Rilchiam: I totally agree about Goldblum. Even better, I’d say, was Jeremy Irons in Cronenberg’s film Dead Ringers. When Irons won the Best Actor Oscar for Reversal of Fortune three years later, he specifically thanked Cronenberg.
Re the OP, I agree, in general, that science-fiction, fantasy, and horror don’t get the respect they deserve. (FWIW, Psycho was nominated for a couple of awards. You can check IMDb for all the relevant details.) But in general, this is true for everything except dramas. Comedies, in particular, are sorely overlooked. Where were Steve Martin’s acting nominations for Roxanne and All of Me?
And specifically looking at your proposed list, I can’t support most of them. The Matrix nominated for Best Picture in a year that gave us Being John Malkovich, The Insider, Three Kings, American Beauty, The Straight Story, Boys Don’t Cry, Magnolia, The Sixth Sense, Eyes Wide Shut, The Talented Mr. Ripley, Mansfield Park, Felicia’s Journey, The Limey, Existenz, Bringing Out the Dead, Limbo, Mr. Death, The Iron Giant, Run Lola Run, Princess Mononoke, American Movie, All About My Mother, Topsy-Turvy, Election, Titus, the South Park movie, and Fight Club? I think you’d have to be a pretty rabid fan to even consider making a case for The Matrix being in the top ten, let alone the best film of the year.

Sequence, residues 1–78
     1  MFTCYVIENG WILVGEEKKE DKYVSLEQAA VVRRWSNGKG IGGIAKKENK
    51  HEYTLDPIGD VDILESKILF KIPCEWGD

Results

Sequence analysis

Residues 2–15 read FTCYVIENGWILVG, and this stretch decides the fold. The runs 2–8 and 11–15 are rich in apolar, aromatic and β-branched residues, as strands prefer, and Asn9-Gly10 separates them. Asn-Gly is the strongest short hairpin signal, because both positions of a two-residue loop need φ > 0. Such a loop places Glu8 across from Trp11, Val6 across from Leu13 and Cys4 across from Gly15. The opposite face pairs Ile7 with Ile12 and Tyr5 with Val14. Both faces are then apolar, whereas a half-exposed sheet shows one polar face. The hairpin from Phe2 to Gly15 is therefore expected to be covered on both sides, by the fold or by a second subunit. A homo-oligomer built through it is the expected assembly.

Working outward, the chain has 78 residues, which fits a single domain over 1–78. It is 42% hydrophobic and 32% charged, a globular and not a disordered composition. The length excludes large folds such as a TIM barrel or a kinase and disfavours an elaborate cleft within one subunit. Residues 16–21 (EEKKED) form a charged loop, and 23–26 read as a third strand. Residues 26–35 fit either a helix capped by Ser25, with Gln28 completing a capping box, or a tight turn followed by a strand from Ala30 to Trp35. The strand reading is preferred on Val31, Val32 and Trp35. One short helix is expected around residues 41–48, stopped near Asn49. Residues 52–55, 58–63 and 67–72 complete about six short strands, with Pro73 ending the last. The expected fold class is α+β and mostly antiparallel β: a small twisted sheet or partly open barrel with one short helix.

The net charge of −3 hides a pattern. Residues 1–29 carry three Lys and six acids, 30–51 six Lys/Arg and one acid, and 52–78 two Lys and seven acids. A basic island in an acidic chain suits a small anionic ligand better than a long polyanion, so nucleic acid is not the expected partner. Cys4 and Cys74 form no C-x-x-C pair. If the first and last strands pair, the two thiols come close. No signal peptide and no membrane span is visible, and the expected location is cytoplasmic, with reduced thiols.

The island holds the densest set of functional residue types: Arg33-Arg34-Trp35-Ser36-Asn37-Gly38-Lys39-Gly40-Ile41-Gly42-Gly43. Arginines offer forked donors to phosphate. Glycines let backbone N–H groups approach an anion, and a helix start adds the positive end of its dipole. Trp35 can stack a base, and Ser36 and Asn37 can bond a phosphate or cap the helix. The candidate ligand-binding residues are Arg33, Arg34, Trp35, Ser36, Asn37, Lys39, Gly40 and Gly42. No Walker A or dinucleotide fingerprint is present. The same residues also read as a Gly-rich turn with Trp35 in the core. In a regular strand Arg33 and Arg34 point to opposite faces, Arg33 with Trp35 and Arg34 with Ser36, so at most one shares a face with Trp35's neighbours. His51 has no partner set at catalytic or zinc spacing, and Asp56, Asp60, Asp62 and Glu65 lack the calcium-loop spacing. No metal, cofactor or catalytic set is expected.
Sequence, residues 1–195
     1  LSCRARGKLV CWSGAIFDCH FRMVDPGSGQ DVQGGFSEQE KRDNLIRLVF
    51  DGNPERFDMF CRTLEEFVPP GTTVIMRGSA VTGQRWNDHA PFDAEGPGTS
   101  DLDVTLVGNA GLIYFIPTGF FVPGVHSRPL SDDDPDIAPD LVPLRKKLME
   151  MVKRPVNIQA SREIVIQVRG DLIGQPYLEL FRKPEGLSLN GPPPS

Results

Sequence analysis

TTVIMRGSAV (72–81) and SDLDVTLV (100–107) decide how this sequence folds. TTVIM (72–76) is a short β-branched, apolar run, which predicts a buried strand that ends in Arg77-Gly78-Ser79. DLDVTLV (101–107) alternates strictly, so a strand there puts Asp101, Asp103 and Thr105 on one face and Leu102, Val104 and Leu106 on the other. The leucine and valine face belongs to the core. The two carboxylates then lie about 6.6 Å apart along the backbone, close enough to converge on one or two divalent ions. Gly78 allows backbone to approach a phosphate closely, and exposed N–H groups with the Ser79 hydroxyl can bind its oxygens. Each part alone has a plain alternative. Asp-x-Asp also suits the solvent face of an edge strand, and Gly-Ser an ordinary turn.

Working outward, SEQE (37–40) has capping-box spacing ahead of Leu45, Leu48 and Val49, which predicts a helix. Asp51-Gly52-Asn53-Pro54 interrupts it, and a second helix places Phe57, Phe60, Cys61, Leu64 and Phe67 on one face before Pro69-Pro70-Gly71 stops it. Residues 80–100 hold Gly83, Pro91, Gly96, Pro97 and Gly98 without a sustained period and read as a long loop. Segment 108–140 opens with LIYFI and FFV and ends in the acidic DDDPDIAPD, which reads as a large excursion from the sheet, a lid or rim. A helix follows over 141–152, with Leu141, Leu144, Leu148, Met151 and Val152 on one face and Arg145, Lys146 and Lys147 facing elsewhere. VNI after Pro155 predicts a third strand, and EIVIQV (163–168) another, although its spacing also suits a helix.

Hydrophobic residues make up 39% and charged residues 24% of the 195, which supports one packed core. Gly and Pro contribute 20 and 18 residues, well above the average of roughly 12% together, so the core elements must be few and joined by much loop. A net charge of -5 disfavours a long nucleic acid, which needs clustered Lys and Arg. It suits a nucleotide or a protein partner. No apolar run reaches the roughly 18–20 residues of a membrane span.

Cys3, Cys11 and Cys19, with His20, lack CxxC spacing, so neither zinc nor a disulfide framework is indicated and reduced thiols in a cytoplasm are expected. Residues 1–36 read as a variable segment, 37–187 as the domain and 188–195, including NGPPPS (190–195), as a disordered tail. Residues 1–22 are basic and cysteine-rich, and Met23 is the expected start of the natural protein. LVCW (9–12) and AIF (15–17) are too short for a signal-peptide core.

And Rutger Hauer for an acting award? Here’s who was nominated for Best Actor that year: Jack Lemmon, Missing; Peter O’Toole, My Favorite Year; Dustin Hoffman, Tootsie; Paul Newman, The Verdict; and the winner, Ben Kingsley in Gandhi. The supporting-actor lineup is a little more forgiving; you have to keep James Mason, The Verdict; Robert Preston, Victor/Victoria; John Lithgow, The World According to Garp; and the winner, Lou Gossett Jr. from An Officer and a Gentleman. I can see dumping Charles Durning from Best Little Whorehouse in Texas and putting Rutger Hauer in there, but you’d have to disregard John Gielgud in Gandhi, Kevin Kline in Sophie’s Choice, and half the cast of both Tootsie and Diner. However you look at it, the competition is stiff.
The one from your list I can see is Solaris, but in 1972 it was competing with Cabaret, Deliverance, The Ruling Class, Sleuth, Sounder, Jeremiah Johnson, The Candidate, and The Godfather, for crying out loud.
There is a larger point being made by the OP, and I think it’s valid. Speculative films, such as Kubrick’s 2001, generally gain in prominence over time. Blade Runner was dismissed at the time, but the last two decades have shown just how influential it really is. Similarly, horror movies occupy a cinematic ghetto, but the ones that last over the years, like Tod Browning’s Freaks or Tourneur’s original Cat People from 1942, gain their reputation by the simple fact of their longevity. Dramas, on the other hand, are potent right away.
So it’s a valid point. I just don’t think it’s going to change anytime soon.